"The holy grail is to develop a therapy that is specific to the pathological immune response, in this case the body attacking myelin," Miller added. "Our approach resets the immune system so it no longer attacks myelin but leaves the function of the normal immune system intact."
The nanoparticle, made from an easily produced and already FDA-approved substance, was developed by Lonnie Shea, professor of chemical and biological engineering at Northwestern's McCormick School of Engineering and Applied Science.
"This is a major breakthrough in nanotechnology, showing you can use it to regulate the immune system," said Shea, also a corresponding author. The paper will be published Nov. 18 in the journal Nature Biotechnology.
Miller and Shea are also members of the Robert H. Lurie Comprehensive Cancer Center of Northwestern University. In addition, Shea is a member of the Institute for BioNanotechnology in Medicine and the Chemistry of Life Processes Institute.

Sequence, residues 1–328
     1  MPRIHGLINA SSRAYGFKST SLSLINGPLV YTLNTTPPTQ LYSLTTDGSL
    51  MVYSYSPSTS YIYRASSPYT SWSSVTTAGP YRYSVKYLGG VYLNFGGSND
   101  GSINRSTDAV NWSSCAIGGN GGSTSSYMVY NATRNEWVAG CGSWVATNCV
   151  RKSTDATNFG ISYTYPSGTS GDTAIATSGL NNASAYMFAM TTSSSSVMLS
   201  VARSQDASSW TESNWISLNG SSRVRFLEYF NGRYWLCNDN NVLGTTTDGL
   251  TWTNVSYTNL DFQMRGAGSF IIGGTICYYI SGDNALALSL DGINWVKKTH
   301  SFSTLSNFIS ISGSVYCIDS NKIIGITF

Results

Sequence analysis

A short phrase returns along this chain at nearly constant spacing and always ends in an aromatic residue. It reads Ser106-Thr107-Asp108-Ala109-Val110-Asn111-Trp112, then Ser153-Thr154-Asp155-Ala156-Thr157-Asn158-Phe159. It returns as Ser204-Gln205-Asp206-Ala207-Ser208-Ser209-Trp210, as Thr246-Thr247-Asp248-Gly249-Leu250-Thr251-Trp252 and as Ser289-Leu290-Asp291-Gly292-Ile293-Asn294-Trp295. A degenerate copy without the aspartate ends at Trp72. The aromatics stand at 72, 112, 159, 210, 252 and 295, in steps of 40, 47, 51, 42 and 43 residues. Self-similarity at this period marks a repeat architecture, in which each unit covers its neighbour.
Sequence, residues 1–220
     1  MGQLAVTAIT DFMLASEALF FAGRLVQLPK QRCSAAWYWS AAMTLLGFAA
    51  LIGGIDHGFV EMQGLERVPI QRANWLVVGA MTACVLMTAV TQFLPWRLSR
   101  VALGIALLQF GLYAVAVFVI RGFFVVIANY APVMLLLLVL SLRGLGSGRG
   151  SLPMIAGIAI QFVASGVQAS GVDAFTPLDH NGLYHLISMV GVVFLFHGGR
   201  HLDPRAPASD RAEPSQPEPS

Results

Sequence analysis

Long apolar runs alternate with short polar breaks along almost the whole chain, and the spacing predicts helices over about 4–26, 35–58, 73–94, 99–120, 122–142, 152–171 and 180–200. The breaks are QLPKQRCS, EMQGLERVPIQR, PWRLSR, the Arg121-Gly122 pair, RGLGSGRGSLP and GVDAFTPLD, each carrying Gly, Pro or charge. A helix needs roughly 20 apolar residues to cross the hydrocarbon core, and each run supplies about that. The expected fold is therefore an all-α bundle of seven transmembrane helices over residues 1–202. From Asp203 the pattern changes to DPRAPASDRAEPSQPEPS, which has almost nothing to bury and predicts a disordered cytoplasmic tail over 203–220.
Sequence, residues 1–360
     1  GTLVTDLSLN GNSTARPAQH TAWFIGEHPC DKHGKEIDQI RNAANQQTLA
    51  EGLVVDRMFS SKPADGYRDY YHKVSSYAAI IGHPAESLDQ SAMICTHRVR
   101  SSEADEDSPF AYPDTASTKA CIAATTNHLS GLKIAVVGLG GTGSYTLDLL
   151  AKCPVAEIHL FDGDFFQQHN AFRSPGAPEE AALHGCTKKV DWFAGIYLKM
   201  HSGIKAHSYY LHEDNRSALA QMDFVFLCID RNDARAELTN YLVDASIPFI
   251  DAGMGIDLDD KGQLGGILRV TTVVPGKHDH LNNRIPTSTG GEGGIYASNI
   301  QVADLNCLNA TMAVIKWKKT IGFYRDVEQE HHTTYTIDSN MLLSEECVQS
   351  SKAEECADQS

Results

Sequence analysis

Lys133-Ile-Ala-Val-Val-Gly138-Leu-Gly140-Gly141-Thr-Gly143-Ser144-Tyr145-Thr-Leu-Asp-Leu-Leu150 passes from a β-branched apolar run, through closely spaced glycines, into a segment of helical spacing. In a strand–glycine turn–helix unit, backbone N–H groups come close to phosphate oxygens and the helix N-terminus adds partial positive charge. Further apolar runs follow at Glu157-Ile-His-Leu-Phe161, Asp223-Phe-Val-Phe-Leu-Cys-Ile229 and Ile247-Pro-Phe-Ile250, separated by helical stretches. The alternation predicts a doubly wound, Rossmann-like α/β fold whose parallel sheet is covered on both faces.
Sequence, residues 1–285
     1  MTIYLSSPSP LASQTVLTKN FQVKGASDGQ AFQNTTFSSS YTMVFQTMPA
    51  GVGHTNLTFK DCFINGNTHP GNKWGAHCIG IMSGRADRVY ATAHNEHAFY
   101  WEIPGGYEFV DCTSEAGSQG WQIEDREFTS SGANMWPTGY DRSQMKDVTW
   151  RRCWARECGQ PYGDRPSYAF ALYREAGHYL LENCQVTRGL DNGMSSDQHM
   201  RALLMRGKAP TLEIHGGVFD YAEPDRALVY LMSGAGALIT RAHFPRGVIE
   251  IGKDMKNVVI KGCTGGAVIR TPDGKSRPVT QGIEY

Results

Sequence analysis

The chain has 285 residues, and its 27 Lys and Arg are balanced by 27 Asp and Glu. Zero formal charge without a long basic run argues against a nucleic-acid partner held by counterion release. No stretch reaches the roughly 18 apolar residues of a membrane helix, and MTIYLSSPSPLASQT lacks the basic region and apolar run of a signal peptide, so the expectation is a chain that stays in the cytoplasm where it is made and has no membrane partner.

CLINICAL TRIAL FOR MS TESTS SAME APPROACH -- WITH KEY DIFFERENCE
The study's method is the same approach now being tested in multiple sclerosis patients in a phase I/II clinical trial -- with one key difference. The trial uses a patient's own white blood cells -- a costly and labor intensive procedure -- to deliver the antigen. The purpose of the new study was to see if nanoparticles could be as effective as the white blood cells as delivery vehicles. They were.
THE BIG NANOPARTICLE ADVANTAGE FOR IMMUNOTHERAPY
Nanoparticles have many advantages; they can be readily produced in a laboratory and standardized for manufacturing. They would make the potential therapy cheaper and more accessible to a general population. In addition, these nanoparticles are made of a polymer called Poly(lactide-co-glycolide) (PLG), which consists of lactic acid and glycolic aci
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